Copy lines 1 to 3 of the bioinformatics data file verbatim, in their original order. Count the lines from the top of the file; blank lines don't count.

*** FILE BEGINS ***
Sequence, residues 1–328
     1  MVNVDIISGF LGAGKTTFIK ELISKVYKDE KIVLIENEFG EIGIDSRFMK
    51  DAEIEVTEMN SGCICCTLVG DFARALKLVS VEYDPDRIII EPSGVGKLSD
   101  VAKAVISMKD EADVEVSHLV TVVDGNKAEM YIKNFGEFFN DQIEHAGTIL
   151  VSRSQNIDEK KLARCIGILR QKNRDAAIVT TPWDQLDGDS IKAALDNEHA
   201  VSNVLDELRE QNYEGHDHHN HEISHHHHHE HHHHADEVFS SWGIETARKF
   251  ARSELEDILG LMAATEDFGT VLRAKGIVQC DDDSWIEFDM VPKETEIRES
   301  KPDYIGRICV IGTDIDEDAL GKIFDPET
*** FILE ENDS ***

Sequence, residues 1–328
     1  MVNVDIISGF LGAGKTTFIK ELISKVYKDE KIVLIENEFG EIGIDSRFMK
    51  DAEIEVTEMN SGCICCTLVG DFARALKLVS VEYDPDRIII EPSGVGKLSD